A better path

August 29, 2017


Universities have a timely and important role to play in how we talk to, differ from, and move forward with each other.
By Ronald A. Crutcher, president

As conversations and debates on free speech dominate our campuses and communities, fact and reason are often relegated to understudy roles. In some instances, anger, arrogance, and certainty have camped defiantly at center stage with no signs of ceding the spotlight. We saw an extreme example of this in Charlottesville, 70 or so miles down I-64, where violence erupted between white nationalists and a group of counterprotesters.

But the college campus can pull us all in another direction, offering an ideal environment for interrogating certainties, exposing existing biases, and seeking out and learning from people of different backgrounds and perspectives as we strive for a better future for all of us.

At Richmond, faculty and students have long been taught to question received wisdom as a means of creating new knowledge and understanding. In fact, vigorous disagreement and the contest of ideas are central to higher education.

Too often in our political dialogue, and even on our campuses, we lack the capacity to disagree using the potent triad of energy, substance, and civility.

As educators, we know that students learn best not only when they’re challenged to tackle hard questions, but when they’re also taught to engage in thoughtful ways with viewpoints different from their own. Colleges and universities are uniquely positioned, and have a unique responsibility, to model substantive and civil disagreement within a larger framework of common values.

Too often in our political dialogue, and even on our campuses, we lack the capacity to disagree using the potent triad of energy, substance, and civility. Our conversations on race, immigration, economics, or politics are often restrained by a fear of offending or a certainty that there are no other valid perspectives to be entertained. Civility must not be code for quieting others’ opinions, but a call for an energetic and, sometimes, uncomfortable exchange of ideas within our richly diverse academic communities.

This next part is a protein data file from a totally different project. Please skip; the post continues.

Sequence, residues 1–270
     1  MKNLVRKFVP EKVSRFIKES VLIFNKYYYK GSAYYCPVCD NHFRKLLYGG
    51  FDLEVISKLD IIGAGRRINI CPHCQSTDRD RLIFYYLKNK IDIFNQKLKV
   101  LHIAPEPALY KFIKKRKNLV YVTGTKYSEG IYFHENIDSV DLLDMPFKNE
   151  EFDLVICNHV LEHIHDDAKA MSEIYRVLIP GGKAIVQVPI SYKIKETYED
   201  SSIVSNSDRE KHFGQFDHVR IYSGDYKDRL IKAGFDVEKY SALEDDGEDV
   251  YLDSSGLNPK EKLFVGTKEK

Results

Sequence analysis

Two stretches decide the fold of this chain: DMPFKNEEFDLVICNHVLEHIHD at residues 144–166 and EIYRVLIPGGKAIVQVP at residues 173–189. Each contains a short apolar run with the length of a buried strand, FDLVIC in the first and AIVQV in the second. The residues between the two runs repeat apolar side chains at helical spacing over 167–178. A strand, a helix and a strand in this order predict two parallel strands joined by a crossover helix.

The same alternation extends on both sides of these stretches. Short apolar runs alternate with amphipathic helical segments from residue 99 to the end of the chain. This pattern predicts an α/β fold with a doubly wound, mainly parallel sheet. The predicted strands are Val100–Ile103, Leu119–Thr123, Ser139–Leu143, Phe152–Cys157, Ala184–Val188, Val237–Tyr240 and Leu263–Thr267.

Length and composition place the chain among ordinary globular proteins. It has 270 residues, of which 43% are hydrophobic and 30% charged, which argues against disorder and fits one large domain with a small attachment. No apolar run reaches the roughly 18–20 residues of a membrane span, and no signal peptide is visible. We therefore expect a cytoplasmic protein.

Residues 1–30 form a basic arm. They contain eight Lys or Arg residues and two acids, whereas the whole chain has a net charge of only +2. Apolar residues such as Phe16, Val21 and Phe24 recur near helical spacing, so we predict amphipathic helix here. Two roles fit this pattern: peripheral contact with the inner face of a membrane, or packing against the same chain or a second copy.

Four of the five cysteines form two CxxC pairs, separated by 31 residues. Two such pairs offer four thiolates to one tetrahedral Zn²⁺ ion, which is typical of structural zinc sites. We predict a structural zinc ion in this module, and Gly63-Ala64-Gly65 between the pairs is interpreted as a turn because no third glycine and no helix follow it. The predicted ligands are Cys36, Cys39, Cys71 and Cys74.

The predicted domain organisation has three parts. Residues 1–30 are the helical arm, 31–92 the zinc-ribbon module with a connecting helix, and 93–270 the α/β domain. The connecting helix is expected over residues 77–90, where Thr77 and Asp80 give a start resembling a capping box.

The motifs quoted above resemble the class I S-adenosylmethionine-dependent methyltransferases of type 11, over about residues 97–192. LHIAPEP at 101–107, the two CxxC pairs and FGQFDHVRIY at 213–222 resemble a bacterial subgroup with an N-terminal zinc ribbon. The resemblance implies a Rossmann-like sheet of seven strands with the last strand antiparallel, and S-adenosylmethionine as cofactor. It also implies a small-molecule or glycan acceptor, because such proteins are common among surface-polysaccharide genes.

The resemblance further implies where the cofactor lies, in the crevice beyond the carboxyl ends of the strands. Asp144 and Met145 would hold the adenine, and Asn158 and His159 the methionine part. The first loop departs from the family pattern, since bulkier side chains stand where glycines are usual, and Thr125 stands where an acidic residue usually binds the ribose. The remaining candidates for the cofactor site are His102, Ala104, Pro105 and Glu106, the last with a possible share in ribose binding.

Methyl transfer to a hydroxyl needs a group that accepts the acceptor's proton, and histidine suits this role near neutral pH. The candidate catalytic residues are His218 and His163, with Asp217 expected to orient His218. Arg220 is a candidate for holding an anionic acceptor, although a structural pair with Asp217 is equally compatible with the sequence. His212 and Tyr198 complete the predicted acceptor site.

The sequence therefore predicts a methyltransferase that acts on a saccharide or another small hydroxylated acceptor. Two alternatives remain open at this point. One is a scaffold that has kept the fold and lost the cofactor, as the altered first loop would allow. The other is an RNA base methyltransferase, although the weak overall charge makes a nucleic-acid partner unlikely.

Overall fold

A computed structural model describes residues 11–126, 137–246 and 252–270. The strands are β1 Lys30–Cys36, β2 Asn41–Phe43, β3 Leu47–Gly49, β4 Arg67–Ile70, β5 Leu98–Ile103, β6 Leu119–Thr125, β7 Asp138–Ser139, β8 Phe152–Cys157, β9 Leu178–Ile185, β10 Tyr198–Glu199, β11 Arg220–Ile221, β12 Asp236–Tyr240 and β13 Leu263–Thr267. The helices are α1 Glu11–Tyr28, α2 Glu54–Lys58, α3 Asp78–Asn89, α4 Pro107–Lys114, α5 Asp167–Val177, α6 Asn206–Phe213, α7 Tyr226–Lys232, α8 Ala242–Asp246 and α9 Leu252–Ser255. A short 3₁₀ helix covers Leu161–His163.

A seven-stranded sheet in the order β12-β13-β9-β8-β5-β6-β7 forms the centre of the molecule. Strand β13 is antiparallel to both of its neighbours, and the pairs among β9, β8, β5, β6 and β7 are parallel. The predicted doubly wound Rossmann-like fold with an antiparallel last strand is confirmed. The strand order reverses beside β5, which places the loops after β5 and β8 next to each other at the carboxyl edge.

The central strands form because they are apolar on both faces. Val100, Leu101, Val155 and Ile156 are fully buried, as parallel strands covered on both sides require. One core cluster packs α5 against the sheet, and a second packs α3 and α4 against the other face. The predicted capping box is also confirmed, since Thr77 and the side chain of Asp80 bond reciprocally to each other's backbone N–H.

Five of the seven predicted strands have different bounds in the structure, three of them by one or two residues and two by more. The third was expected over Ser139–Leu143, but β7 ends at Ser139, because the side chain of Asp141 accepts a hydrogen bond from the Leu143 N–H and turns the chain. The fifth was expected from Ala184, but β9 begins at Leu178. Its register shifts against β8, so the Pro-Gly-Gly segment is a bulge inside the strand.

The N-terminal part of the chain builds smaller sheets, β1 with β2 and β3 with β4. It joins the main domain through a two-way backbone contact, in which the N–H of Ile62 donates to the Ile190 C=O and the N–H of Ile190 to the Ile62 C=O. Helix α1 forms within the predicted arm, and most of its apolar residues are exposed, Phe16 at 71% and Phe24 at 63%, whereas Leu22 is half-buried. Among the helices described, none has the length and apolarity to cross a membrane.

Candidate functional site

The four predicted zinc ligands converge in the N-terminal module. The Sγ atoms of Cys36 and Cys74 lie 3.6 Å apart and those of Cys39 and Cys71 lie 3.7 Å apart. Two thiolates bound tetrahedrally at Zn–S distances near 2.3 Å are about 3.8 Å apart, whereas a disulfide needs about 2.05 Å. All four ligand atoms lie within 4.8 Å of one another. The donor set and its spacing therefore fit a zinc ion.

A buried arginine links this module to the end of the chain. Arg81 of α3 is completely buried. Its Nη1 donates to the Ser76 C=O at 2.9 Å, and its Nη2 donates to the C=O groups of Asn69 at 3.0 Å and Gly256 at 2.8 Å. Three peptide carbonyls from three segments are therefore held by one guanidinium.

David Brooks of The New York Times said, in response to the violence in Charlottesville, “Uncertainty and anxiety throw you off the smug island of certainty and force you into the free waters of creativity and learning.”

One way we are planning to foster the robust exchange of ideas and perspectives in the coming year is through our Sharp Viewpoint Speakers Series. Our slate of presenters this year includes Jeffrey Herbst, former president and CEO of the Newseum, who hosted our Forum on Freedom of Expression in September; and Virginia’s gubernatorial candidates, Virginia Lt. Gov. Ralph Northam and former Republican National Committee chair Ed Gillespie, who in October will discuss the commonwealth’s future.

We will also welcome Pulitzer Prize-winning journalist Jose Antonio Vargas in November and Karl Rove, former senior adviser to President George W. Bush, in March to provide their perspectives on U.S. immigration policy. This topic, of great interest and relevance to our nation, was chosen by our current Richmond Scholars students.

I am hopeful that higher education will remain a potent training ground for the kind of rigorous engagement that fosters new understanding. That welcomes and values difference and harnesses the enduring traditions of academic discourse. That sees the promise in students from all backgrounds and invites them into our classrooms, research laboratories, and social spaces. That encourages more debate — not less — and supports this debate with knowledge, fact, and reason.

At a time when derision and even senseless violence threaten to replace civility as our normal mode of public discourse, no lessons we teach could be more timely or important than these.